How Regulation Drives Lobbying, Google vs. the EU Edition
The European edition of Politico launched this week with, among other stories, a nice report on "The Google Gold Rush," looking at how tech firms are scrambling to staff up their lobby shops. The hiring binge, the story suggests, is a direct result of an accusation last week by the European Union's competition commissioner that search giant Google is violating EU antitrust rules by favoring its own products in its search results.
That accusation, made formally for the first time after a long back and forth between Google and European regulators, came with a strong hint that Google would face additional regulatory pressure beyond its search practices. "In a sign that the pressure in Europe would probably expand to other areas of Google's business, the antitrust regulator, Margrethe Vestager, also said she had opened a formal antitrust investigation into the company's Android smartphone software," The New York Times reported.
So with regulators on the move, major tech companies with European presences are responding by beefing up their overseas lobbying operations. From the Politico report:
Uber is only just one example of a tech company with plans to expand its lobbying operations here. The company, which has encountered intense political hostility in most European capital and operates in some markets in a legal gray area, recently employed two ex-Google EU corporate affairs veterans, Simon Hampton and Antoine Aubert.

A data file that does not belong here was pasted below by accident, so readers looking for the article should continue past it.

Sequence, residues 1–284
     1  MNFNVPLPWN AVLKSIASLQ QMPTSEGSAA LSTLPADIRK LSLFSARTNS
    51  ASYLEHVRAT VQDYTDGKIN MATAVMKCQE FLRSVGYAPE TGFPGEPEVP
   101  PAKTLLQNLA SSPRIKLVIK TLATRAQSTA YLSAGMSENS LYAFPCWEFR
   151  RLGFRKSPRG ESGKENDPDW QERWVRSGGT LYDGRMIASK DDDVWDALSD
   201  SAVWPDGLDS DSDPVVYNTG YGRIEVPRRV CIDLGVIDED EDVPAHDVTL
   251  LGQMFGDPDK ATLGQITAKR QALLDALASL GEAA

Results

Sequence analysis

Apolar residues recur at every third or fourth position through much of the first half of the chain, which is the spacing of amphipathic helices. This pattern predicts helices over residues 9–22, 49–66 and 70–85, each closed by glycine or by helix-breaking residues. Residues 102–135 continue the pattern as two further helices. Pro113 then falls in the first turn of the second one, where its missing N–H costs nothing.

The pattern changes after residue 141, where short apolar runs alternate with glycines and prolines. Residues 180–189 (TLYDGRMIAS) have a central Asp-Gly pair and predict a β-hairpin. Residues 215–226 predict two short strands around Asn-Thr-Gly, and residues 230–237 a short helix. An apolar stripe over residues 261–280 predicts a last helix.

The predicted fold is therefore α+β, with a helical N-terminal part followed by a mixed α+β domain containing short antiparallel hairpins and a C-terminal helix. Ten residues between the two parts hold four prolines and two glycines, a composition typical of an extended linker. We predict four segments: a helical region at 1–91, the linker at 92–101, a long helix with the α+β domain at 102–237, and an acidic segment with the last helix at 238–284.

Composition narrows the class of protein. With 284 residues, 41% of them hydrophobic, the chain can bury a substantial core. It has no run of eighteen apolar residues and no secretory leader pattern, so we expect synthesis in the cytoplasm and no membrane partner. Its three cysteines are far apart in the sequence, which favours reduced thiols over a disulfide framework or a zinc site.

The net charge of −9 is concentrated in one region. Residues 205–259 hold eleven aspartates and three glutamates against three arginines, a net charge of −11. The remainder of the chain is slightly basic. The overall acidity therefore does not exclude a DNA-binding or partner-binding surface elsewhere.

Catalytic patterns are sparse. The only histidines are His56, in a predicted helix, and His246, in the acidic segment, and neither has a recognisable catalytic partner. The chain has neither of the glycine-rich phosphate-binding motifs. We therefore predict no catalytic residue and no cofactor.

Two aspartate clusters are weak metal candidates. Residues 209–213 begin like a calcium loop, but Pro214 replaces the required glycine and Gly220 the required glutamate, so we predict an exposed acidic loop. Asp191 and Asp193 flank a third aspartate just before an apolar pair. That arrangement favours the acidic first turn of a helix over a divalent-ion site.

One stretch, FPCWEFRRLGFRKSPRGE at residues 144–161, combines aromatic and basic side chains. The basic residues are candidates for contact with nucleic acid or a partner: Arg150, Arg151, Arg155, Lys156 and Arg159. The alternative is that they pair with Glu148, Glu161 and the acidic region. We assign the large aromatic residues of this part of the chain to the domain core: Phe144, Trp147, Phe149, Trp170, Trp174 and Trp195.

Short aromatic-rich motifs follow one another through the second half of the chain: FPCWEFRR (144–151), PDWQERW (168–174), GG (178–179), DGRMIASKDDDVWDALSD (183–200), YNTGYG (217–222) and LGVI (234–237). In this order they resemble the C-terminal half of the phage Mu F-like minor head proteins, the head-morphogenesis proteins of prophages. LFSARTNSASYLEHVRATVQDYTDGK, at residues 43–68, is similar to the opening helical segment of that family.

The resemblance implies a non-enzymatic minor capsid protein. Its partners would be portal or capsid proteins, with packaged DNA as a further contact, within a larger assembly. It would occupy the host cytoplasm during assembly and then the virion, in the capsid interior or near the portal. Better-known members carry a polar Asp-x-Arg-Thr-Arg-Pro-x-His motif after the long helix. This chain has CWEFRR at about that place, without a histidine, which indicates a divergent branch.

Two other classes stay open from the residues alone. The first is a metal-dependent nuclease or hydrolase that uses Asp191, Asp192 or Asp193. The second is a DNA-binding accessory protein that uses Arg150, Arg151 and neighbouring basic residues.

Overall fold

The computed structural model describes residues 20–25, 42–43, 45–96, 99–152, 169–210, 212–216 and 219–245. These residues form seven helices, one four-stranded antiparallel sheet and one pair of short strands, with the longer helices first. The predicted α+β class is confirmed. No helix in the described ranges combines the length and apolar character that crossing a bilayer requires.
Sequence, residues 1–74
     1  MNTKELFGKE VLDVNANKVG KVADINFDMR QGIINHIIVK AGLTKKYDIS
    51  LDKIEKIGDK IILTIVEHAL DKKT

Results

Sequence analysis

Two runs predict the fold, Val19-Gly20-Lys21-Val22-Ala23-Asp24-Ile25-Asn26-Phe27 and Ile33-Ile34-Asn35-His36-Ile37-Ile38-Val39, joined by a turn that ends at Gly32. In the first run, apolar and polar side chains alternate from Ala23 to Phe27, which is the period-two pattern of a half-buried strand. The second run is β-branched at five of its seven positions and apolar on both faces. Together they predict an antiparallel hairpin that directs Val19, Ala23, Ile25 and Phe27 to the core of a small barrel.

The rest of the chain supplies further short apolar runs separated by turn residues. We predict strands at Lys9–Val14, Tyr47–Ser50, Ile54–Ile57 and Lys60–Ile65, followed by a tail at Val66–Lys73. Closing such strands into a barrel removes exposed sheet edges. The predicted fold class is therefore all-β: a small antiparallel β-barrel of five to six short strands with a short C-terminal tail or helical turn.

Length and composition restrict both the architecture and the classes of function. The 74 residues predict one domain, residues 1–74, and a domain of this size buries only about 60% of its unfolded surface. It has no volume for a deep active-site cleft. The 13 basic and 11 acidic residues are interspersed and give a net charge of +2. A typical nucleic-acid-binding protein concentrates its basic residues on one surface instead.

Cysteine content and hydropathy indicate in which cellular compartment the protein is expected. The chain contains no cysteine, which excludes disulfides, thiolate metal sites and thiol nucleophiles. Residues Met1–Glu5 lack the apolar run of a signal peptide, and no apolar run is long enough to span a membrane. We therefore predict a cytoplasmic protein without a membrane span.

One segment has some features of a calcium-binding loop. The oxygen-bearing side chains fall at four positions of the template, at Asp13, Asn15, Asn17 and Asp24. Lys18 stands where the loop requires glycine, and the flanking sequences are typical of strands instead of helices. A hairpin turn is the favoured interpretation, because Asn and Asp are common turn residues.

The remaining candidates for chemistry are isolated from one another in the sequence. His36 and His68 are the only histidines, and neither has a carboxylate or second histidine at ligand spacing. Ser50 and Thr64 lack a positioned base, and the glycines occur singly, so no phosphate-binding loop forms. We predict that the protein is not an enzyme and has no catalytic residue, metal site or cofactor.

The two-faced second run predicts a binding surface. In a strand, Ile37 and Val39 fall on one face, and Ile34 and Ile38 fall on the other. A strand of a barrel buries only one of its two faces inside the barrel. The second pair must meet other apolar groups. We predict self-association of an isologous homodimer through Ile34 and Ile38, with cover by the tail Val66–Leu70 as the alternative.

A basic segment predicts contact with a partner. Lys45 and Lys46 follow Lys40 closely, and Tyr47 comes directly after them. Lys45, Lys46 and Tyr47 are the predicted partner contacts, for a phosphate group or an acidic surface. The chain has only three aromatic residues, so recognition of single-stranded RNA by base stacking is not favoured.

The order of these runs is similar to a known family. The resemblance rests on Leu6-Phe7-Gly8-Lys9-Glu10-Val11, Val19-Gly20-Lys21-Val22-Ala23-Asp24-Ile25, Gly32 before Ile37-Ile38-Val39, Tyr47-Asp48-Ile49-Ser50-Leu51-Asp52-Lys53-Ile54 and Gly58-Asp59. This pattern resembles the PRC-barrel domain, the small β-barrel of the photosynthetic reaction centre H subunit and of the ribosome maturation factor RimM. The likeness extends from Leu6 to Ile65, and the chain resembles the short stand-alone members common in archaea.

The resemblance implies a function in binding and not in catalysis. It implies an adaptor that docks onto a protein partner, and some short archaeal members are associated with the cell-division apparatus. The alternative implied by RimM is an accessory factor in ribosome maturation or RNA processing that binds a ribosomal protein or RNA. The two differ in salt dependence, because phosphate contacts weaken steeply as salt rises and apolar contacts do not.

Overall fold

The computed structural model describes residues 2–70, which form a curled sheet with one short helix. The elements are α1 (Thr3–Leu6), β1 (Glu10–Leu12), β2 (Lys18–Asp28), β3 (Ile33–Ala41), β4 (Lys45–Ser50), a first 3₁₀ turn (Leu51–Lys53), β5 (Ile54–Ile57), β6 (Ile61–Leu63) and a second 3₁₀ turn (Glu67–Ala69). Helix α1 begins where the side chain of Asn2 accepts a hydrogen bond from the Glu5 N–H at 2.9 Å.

MacGann told POLITICO he expects to double the size of his office — from three to six — by the end of the year.
Facebook is also increasing its presence here. Given Google's battle royal with the Commission, it should come as no surprise that the search engine giant is also staffing up.
The big takeaway from all this is that regulation, or even the threat of regulation, creates demand for lobbying and jobs for lobbyists. To the extent that regulators look likely to take big actions against large corporations, they are driving companies to spend more time and money lobbying. And that means they have less resources to devote to creating products and services that might be of value to their customers, because, at least to some extent, government regulators have become their customers.